A few years ago Dr Steve Phillips, the medical director for global issues at ExxonMobil, spoke at my university about their work on malaria. Vaguely I recalled some company controversies in the same regions where Exxon promotes their charitable work. So I asked the good doctor if he felt his no doubt good intentions were sometimes limited by broader corporate policy. The reply invoked the resource curse as if it was a supernatural phenomenon ! Unsatisfied, I bore into the (many see here, here, and here) articles published on Exxon’s involvement with human rights, governance, environmental challenges, and particularly their relationship with the brutal dictator of Equatorial Guinea.
What emerged led me to question whether we (the public health community) may have conflicted interests. Do we accept support generated by business practices which may harm health more than the good work enabled by that support? Deciding to write about the issue was difficult. On one hand there was little recognition of the possibility of conflicts of interest in this case which could be worthwhile to promote. On the other hand I was wading into the realm of ethics, for which I am poorly equipped, and the energy and focus may be better applied towards the smaller, more practical problems which constitute my routine work. Ultimately, I think it was just the challenge of doing something new which led to its recent publication in the Journal of Public Health Policy (unfortunately not open access). Accompanying the article is a kind commentary by the public health ethicist Sheldon Krimsky which concisely summarizes the key problem and the trade-offs inherent in addressing it.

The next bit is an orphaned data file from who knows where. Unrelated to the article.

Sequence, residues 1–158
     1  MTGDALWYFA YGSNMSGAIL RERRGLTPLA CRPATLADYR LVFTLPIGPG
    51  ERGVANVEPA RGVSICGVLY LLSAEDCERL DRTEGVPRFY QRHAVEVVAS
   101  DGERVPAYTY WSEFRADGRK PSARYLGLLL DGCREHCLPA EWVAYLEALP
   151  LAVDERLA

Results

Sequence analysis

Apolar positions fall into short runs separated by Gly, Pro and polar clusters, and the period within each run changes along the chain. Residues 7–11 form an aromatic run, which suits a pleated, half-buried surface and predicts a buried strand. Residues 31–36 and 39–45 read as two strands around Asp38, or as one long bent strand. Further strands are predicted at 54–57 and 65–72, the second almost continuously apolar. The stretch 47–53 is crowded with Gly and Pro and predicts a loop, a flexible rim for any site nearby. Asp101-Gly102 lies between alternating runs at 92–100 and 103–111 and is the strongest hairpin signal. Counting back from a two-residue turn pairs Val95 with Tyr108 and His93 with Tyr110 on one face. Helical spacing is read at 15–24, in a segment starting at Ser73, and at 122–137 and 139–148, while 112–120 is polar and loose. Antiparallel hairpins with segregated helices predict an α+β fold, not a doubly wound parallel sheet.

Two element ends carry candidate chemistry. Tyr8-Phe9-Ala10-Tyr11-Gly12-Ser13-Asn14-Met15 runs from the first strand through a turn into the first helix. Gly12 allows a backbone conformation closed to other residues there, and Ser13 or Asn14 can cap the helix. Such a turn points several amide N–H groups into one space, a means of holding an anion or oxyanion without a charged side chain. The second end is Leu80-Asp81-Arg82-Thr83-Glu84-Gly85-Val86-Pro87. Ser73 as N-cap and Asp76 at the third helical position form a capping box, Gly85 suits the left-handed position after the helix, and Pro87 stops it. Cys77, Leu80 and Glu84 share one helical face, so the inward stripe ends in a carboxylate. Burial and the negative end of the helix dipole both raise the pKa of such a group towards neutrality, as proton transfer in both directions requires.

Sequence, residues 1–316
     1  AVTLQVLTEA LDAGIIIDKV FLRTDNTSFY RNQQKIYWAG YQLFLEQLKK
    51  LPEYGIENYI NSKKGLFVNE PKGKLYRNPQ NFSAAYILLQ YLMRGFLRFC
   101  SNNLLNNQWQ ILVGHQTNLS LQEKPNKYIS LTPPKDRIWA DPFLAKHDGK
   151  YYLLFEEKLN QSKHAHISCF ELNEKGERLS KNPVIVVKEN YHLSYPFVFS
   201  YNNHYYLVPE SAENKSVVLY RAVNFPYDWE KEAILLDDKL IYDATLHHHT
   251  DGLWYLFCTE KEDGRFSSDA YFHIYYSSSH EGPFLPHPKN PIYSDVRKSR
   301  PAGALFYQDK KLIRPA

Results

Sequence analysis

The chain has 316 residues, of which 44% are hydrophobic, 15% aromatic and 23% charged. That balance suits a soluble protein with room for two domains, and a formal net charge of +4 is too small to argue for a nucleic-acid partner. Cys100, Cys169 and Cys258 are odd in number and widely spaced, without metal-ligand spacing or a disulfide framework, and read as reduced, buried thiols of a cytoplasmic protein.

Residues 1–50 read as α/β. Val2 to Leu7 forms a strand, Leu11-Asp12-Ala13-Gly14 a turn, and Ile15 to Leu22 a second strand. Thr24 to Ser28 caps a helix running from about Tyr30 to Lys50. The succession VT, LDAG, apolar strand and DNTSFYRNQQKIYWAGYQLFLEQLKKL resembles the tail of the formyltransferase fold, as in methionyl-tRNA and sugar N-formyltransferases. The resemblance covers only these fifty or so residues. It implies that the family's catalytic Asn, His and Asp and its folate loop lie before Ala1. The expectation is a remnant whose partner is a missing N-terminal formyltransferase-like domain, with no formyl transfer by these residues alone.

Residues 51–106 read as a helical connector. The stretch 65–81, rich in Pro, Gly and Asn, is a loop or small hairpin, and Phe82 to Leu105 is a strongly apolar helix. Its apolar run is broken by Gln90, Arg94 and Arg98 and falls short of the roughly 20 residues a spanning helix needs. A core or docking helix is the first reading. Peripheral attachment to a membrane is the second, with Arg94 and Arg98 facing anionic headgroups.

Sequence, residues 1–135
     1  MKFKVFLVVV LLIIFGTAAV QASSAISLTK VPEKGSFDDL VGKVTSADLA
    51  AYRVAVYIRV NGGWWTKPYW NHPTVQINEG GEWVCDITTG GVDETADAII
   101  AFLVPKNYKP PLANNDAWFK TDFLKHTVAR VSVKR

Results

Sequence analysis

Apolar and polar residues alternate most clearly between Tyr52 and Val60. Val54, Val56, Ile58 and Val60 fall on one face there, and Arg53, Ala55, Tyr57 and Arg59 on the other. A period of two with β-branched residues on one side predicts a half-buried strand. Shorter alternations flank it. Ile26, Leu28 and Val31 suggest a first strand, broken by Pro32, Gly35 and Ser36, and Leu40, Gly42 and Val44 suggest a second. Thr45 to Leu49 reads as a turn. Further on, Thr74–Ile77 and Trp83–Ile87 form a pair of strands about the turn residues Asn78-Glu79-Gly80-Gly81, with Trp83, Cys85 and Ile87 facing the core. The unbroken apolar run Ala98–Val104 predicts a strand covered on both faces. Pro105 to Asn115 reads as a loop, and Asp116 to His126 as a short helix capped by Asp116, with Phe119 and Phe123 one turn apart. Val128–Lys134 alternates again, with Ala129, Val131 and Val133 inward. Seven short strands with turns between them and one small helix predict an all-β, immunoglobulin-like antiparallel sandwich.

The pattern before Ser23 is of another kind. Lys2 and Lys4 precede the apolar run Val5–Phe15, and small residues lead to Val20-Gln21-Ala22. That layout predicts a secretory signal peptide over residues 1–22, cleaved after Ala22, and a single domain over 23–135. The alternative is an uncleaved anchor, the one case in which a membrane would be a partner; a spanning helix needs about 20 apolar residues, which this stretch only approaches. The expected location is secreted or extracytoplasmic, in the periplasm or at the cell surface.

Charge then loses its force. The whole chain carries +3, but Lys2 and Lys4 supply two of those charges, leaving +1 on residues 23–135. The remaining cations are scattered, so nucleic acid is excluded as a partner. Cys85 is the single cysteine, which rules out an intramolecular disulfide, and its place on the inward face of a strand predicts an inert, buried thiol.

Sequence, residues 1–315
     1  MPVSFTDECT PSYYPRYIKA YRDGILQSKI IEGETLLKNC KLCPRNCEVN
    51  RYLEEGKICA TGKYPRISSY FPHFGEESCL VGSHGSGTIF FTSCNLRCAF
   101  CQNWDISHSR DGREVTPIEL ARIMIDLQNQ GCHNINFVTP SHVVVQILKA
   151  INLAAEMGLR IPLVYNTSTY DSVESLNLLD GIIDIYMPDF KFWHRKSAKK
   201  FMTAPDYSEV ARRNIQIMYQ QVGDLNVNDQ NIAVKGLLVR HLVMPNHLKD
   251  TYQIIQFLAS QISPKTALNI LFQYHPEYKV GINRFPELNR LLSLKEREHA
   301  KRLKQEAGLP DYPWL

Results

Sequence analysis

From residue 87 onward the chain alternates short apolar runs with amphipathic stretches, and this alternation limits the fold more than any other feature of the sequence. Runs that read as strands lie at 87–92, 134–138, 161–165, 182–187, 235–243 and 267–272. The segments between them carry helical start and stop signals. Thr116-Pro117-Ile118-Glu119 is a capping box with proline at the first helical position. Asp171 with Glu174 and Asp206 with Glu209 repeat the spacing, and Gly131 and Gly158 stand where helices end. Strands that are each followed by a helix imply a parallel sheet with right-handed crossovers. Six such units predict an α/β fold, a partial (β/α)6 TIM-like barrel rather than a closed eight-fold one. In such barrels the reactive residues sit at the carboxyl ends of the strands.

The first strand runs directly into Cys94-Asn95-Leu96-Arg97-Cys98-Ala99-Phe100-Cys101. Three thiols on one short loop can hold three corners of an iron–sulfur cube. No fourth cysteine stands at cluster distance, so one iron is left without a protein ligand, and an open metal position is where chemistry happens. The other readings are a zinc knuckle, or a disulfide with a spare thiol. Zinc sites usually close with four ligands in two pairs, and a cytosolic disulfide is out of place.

PS pre-print version available here